SouthAmerica: A SWF can be used for various purposes including using the money to undermine the financial system and industrial base of its competitors.

    In the case of China things it has not work so well so far – but China has accumulated so far about $ 1.4 trillion US dollars (Confetti), and very soon they will be holding about $ 2 trillion US dollars worth of confetti.

    Here is what happened to China’s $3 billion US dollars investment in Blackstone on June 25, 2007 when that company went public at $ 35 per share – since then the investment it has not done very well since that stock has been trading around $ 18 per share exactly one year later.

    China’s original investment at the time of The Blackstone Group IPO on June 25, 2007:

    85,714,000 shares @ $ 35 per share = US$ 3,000,000,000 ($ 3 billion US dollars)

    China’s current value of the investment as of June 20, 2008:

    85,714,000 shares @ $ 18 per share = US$ 1,542,852,000

    With performance like that no wonder Stephen Schwarzman the Chairman and Chief Executive of The Blackstone Group wants the cash flow to keep coming from the SWF's.

    I don’t know how his company managed to lose 50 percent of the Chinese money in the last year, but I am sure that in the meantime he managed to get a fat bonus based in all kinds of fees for himself and his associates.


    But here is the danger of letting SWF investing a lot of money in strategic areas of your economy such as in the banking system, investment banking, and insurance sectors. These sectors control a lot of money on behalf of their clients, and the way these moneys are invested and also the direct allocation of the money they manage inside the economy in case of direct borrowings by any type of company gives this sector a lot of power.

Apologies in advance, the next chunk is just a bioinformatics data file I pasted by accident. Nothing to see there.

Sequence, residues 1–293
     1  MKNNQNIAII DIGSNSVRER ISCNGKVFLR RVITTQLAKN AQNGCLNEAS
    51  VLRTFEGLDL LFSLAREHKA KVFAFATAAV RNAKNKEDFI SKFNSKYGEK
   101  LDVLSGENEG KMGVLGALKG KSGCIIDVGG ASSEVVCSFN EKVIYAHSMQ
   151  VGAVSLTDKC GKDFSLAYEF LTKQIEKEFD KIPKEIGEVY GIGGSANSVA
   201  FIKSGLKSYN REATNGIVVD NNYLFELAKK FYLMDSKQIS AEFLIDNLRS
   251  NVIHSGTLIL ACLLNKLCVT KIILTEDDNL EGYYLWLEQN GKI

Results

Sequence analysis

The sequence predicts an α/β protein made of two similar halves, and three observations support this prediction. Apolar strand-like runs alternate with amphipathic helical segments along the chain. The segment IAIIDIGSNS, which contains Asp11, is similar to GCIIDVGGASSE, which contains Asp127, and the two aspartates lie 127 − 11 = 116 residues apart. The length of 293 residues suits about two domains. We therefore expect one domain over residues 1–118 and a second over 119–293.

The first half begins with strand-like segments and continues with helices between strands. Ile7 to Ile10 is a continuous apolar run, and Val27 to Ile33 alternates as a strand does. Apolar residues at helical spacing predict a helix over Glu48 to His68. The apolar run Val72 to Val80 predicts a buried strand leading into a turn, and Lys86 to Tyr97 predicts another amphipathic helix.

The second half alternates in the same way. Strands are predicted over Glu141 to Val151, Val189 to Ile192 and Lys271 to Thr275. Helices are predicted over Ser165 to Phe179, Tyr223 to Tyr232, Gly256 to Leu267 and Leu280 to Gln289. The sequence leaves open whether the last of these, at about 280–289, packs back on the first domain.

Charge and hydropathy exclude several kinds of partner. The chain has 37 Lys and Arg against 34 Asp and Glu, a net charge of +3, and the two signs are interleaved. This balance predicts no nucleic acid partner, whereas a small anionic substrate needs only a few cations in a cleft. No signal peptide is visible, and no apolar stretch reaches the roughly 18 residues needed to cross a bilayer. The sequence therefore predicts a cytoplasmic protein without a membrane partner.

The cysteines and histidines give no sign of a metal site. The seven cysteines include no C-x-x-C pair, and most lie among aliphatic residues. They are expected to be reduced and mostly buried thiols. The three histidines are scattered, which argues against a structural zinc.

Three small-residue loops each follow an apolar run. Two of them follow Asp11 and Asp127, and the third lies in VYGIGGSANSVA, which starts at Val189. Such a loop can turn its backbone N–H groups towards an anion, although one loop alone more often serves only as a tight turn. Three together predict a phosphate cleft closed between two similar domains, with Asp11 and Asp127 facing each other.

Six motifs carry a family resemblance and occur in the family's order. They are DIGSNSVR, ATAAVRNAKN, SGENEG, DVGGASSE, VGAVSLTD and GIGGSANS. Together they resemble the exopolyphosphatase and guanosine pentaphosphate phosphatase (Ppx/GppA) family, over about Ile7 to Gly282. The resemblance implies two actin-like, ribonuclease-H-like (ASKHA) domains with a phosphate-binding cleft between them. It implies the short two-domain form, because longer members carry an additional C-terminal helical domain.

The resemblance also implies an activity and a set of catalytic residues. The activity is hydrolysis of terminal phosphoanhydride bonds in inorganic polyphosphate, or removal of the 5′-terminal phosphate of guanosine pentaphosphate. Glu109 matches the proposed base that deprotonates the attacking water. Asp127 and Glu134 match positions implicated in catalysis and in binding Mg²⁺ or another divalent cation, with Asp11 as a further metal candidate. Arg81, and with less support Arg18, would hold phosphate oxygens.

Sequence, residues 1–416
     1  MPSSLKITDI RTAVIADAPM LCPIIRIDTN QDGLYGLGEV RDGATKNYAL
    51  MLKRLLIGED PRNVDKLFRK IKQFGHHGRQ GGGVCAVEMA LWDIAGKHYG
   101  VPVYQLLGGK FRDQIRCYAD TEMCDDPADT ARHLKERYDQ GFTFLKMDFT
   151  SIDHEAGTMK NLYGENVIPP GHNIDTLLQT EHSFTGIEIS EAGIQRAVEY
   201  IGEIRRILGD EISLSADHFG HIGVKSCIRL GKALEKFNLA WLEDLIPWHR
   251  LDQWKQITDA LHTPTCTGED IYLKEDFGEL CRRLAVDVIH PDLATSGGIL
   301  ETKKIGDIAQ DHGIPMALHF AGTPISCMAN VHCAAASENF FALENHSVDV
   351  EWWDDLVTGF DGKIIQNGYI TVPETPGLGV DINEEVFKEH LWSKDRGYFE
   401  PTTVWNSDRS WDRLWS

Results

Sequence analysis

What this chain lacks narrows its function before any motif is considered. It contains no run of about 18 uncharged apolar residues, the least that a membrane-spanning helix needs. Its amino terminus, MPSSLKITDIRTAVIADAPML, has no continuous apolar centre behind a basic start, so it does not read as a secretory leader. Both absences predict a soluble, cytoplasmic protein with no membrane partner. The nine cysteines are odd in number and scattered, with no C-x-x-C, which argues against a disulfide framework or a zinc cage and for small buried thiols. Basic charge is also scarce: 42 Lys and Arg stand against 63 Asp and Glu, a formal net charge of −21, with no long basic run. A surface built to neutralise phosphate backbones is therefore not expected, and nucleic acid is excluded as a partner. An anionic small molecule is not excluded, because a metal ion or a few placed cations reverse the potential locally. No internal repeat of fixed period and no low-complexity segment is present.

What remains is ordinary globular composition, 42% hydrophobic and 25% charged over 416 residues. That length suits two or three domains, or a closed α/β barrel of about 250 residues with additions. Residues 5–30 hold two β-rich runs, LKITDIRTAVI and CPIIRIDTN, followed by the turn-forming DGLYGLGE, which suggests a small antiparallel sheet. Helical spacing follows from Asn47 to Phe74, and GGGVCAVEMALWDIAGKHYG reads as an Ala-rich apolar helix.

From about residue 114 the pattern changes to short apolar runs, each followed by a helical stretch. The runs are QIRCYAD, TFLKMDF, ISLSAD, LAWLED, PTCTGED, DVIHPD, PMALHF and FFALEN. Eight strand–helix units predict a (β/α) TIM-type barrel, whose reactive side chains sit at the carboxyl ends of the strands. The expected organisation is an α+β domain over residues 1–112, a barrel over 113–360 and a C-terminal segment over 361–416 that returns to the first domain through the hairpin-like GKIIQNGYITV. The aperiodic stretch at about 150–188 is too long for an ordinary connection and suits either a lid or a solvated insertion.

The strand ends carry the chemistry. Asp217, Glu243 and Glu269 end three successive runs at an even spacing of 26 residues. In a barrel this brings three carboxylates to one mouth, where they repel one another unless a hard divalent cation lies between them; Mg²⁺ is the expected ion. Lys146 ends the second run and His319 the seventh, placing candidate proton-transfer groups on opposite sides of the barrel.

Banks, investment banks and insurance companies play a big role inside the economy in the decision of which companies get finance and which companies get starved to death. And when you control these sources of financing you have a lot of influence.

    The fools in Wall Street usually make their mistakes or run their scams based on greed, but SWF can have other things and purposes in mind other than the profit incentive or return on investments; they can run these funds with political or long term economic objectives in mind.

    Many people on Wall Street are too busy trying to squeeze every last drop of blood out of the US economic system and they can’t grasp the potential impact that these other long-term strategies can have on the American economic system.

  6. sovereign wealth funds are owned by the STATE

    the fact that these large institutional funds can influence the markets means they should be regulated by the gov't

    a gov't regulating limits by a gov't invesment fund.

    all participants are identified and fingerprinted in buying and selling of all securities or assets.

    banned on 'market manipulation' by a single institution is the law in US market...limits on foreign ownership of strategic assets are a political reality and is not a tarriff.

    these managers should know better about 'politics' since they are a political fund.

  7. Sovereign wealth funds are long oil and commodities and ABC long. both were in a bubble until it burst..

    that is the influence of these LARGE investment hedge funds.

    citibank is shutting down it's old lane ' hedge fund'.

  8. the stephen scharzman put in other worlds

    take the money or we will make your economy suffer if you don't take our money or sell us your assets.

    don't ever threaten gov't or regulators.

  9. Of course the US is reluctant to take China's dollars. They can print their own. They don't want to sell their industry to China to receive paper they can print themselves. And that's the exact reason China DOES want to invest in the US. They have all these dollars that are becoming less worth every single day. They don't want that bag of dollars to become worthless, so they want to invest it back into the US.